Dear us in 30 years:
Congratulations, me — you’re a grandfather! You raised children, they left, maybe stopped talking to you all that much, and now one of them has had a kid and suddenly needs you again. This is good.
Since it’s been awhile since you’ve had kids (and, more importantly, since you’ve had in-laws … and you are now an in-law yourself), there are some things you need to be reminded of.
Remember, this is all aimed at helping you out.
I love you. Because I am you.
So here it goes …
It’s not important to spend every visit analyzing whether your grandson has Uncle Ted’s chin.
In fact, there really is no competition over which body parts the kid has inherited from which side of the family. Your grandchild is a few weeks old, and chances are his appearance will change over the coming years.
When you come over to visit, you are not on vacation.
Do not ask your children — who are now very tired parents — for coffee or something to eat. Get it yourself. And then take out the garbage, load the dishwasher, fix the sink … do something. Unless you are in everyone’s way. In that case, get out of the way.
It’s not helpful to discuss the various ways that the new grandchild can be killed accidentally.
None of us needs to hear what they are telling us these days about how tinfoil is carcinogenic or how babies can die from second-day drowning.
Don’t talk about that horrible thing you watched on cable news last night — that thing that’s afflicting children that the government is doing nothing about.
In fact, stop watching cable news entirely, if it still exists. Rest assured that your kids, who are new parents, don’t have time to watch it.
Don’t discuss your experience changing your son or daughters’ diapers with their significant other.
Once one of the children has begun talking, that is not a sign that is time to start discussing your thoughts on the afterlife with him or her.
Leave that to their parents.
If your new grandson or granddaughter tells you that you smell or says that they hate you, you really do not need to be offended.
Your kids said these things all the time, because children before the age of 17 are basically erratic moody monsters.
Some gifts say, “I want to play with you and have fun!”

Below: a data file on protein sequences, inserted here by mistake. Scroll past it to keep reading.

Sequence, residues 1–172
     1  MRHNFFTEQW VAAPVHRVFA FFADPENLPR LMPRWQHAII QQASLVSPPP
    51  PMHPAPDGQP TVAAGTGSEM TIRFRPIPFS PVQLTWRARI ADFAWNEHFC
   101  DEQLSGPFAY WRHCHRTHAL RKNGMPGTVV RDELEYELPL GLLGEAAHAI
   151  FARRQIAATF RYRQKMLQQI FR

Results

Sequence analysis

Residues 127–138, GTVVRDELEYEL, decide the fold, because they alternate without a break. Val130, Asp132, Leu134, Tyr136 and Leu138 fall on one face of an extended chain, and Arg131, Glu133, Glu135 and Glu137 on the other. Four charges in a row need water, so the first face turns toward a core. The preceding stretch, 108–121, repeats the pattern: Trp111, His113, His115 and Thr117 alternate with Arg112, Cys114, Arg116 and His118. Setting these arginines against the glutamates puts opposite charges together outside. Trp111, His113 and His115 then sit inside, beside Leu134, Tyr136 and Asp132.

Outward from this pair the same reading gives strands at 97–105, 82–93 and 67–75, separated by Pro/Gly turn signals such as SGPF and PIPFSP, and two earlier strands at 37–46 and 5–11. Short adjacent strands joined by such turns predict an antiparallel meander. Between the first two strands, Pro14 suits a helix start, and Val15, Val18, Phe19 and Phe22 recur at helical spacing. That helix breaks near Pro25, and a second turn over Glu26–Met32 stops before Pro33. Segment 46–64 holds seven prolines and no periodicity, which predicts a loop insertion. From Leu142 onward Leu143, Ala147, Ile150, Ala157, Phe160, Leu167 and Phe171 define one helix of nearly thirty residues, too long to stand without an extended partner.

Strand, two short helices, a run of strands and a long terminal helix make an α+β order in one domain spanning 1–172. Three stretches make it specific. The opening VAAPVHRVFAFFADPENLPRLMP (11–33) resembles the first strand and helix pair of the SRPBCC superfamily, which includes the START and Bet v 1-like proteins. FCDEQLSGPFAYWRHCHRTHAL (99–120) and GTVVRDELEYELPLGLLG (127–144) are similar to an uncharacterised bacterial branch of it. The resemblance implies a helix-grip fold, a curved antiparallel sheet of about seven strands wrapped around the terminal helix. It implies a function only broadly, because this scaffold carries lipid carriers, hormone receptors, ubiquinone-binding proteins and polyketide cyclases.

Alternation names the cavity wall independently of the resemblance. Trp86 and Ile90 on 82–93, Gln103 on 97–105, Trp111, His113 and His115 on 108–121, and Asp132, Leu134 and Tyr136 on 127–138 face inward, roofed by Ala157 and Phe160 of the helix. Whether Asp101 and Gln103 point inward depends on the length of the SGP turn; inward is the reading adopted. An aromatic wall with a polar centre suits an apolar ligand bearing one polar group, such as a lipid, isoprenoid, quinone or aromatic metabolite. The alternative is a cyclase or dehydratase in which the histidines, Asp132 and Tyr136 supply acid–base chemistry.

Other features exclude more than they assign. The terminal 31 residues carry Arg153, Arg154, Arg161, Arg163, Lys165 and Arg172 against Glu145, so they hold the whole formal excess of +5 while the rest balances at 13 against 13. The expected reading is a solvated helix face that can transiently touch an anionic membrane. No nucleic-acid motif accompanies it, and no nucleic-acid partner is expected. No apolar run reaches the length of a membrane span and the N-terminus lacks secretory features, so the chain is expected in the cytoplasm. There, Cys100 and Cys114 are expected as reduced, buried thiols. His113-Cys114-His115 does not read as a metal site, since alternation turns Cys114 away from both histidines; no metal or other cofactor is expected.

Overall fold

And then some gifts, like clothes, furniture, and bike helmets say, “I’m judging you and I know the way things should be done.” Don’t give those gifts.
Your time with your grandchildren should be about joy, not fixing your child’s parenting.
You’ve already had time to mess up your own child’s psychology. Visits from Grandpa are not opportunities for you to “fix Junior’s behavior problems.”
Don’t be the one who introduces the little ones to TV, computers, virtual reality, or whatever digital entertainment we are all enjoying now.
That is not your job. Get on the floor and play with your grandbaby.
Babysit a lot and don’t complain about it.
You have nothing else to do. You are old. You can watch CBS at home any night. Your kids never sleep now, rarely shower, and usually eat microwaved leftovers over the sink. Let them get out of the house as often as possible.
Don’t make that face that means, “Don’t look at me, I don’t know why he doesn’t listen. They need to make him listen.”
Because you probably forgot, but once upon a time you couldn’t magically just make your kids listen on demand either.
When the kids are getting ready for dinner, bed, bath, or whatever hellish routine concludes their day and your presence is so obviously making it worse?
Instead of staring away in awkward silence, or worse, getting involved and escalating things, take it as a cue to leave.
If you don’t get all the visits and holidays you want, take it in stride instead of inflicting guilt bombs through the phone.
In fact, let the holidays go when it’s time. Yes, there is a tremendous amount of emotional attachment in every moment of hand-basting that turkey, carving the ham, or setting a beautiful table and having all those you love gather around the centerpiece to look at you with matriarchal or patriarchal wonder, but it’s time to have all that happen at someone else’s house for once. Be a guest — you’ve earned it.
Stay at a hotel if you can.
Sorry, but it had to be said.
Don’t get your feelings hurt if one of the kids doesn’t adore your gift, is grouchy, or even yells at you.
You weren’t all that graceful manners-wise at age 5 either.
Be your grandkids’ special friend.
You finally got to the cool part where you don’t have to mold or be a role model or any of that stuff — you can just make the kids happy and be their buddy. When push comes to shove, choose mischief over scolding.
Us — 30 years younger